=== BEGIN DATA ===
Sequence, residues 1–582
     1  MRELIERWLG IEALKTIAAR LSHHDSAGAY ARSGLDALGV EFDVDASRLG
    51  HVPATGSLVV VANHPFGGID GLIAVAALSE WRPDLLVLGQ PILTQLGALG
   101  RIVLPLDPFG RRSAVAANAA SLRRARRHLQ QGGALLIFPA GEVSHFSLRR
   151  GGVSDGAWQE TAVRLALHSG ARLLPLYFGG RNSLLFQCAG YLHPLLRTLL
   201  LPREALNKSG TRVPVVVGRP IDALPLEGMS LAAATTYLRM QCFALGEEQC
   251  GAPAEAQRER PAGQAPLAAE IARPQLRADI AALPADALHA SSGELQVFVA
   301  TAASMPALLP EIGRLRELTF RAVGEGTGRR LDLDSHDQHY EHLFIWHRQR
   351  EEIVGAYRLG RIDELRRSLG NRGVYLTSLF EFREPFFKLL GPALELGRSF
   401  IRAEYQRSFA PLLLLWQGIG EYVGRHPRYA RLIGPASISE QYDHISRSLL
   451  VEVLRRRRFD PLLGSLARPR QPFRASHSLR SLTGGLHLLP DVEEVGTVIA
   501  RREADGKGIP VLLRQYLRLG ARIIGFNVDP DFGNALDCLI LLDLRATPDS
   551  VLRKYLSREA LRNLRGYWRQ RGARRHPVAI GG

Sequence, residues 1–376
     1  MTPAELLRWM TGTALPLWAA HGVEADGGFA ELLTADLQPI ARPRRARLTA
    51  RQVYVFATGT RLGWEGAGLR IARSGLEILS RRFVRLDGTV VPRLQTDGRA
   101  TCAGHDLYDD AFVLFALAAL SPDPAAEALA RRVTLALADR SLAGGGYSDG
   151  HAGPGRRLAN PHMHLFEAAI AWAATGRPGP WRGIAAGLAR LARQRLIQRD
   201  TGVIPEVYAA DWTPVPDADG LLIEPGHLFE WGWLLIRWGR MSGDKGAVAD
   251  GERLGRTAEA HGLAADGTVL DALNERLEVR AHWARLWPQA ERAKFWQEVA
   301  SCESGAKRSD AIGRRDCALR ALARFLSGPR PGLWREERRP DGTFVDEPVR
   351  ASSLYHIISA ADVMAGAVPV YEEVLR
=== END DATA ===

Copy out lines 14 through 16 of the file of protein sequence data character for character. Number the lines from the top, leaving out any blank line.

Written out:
Sequence, residues 1–376
     1  MTPAELLRWM TGTALPLWAA HGVEADGGFA ELLTADLQPI ARPRRARLTA
    51  RQVYVFATGT RLGWEGAGLR IARSGLEILS RRFVRLDGTV VPRLQTDGRA